Doers Profile: Roger Rath

NAME: Roger Rath

AGE: 51

OCCUPATION/VOCATION: Investment advisor and senior vice president at a Baltimore-area brokerage and investment firm. Shareholder activist.

WHY THE RESPONSIBLE WEALTH CAMPAIGN? "It wasn't a flash of light. Having been born into the culture and a part of it for so long, it just never occurred to me that things weren't right. Through gradual exposure I had to ministries such as Sojourners and Church of the Saviour and people like Gordon Cosby, it became very apparent to me that my priorities were all backwards. I felt angry and gullible for buying into [this myth] that it's a level playing field and you just have to pull yourself up by the bootstraps. That is such a crock.

"In 1996 or 1997, I became aware of United for a Fair Economy and Responsible Wealth. Scott Klinger was extremely helpful in putting some of the economic things in perspective, especially where I could be useful and effective as a shareholder. The power of that is that we have been able to confront on several occasions some of these large corporations where the playing field is tilted at 60 degrees—it isn't even close to being fair."

SHAREHOLDER ACTIVISM: In 1999, Rath read aloud a detailed proposal at the Computer Associates stockholders meeting. He detailed CEO Charles Wang's decadent level of compensation and called on the board of directors to cap CEO compensation, based on a multiple of the salary of the lowest paid Computer Associate employee. The shareholders gave a standing ovation; the directors, however, voted by a large margin to ignore the proposal. But another stockholder sued Computer Associates for excessive CEO compensation and won; the court ordered Wang to return a large percentage of his salary and benefits to the company.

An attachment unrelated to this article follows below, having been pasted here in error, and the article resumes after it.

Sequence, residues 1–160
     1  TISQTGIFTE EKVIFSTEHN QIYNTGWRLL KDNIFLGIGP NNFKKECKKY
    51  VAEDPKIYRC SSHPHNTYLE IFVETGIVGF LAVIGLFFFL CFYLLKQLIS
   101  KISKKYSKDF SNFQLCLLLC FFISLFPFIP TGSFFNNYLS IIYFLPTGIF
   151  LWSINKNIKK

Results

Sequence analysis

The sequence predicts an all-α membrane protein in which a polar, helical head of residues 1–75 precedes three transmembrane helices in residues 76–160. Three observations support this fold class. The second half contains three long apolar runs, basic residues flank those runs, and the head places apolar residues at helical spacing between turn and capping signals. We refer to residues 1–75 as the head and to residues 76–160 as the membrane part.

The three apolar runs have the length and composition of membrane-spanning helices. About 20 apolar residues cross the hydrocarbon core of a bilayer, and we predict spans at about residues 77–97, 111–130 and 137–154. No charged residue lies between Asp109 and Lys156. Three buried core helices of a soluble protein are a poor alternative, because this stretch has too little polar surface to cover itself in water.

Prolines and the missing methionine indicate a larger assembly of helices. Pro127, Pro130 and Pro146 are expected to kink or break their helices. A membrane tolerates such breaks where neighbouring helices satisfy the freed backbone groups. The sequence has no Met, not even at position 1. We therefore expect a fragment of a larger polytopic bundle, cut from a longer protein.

WHAT DO HIS CLIENTS THINK? "The reaction is mostly favorable. I try to avoid getting involved in political arguments. But where I know that I can bring an element of faith to the discussion, whether it be socio-economic or political, I do. It's really gotten to me the over past few years, how greedy things have gotten. But it's fascinating: When I get one-on-one with people and have a more intimate discussion with them, more often than not they're likely to agree with me."

HIS MONEY OR HIS LIFE? "It's become a false divide for me, between taking care of my own and giving back to society. My wife and I did a lot for our children [who are now grown] and gave them a huge head start on life. If I were to give away everything—either today while I'm alive or in my will—to charity and to [various] causes, they'd still be far ahead of most people in this world, who've never even had the opportunities that they've had and I've had.

"At this point, it goes beyond being a good steward. It goes into discipleship, and stewardship is just a piece of that discipleship. I really feel very strongly that the more I give away—whether it be time, talent, or money—the simpler my life seems to be getting, the better the quality of my life, and the better the quality of my faith."

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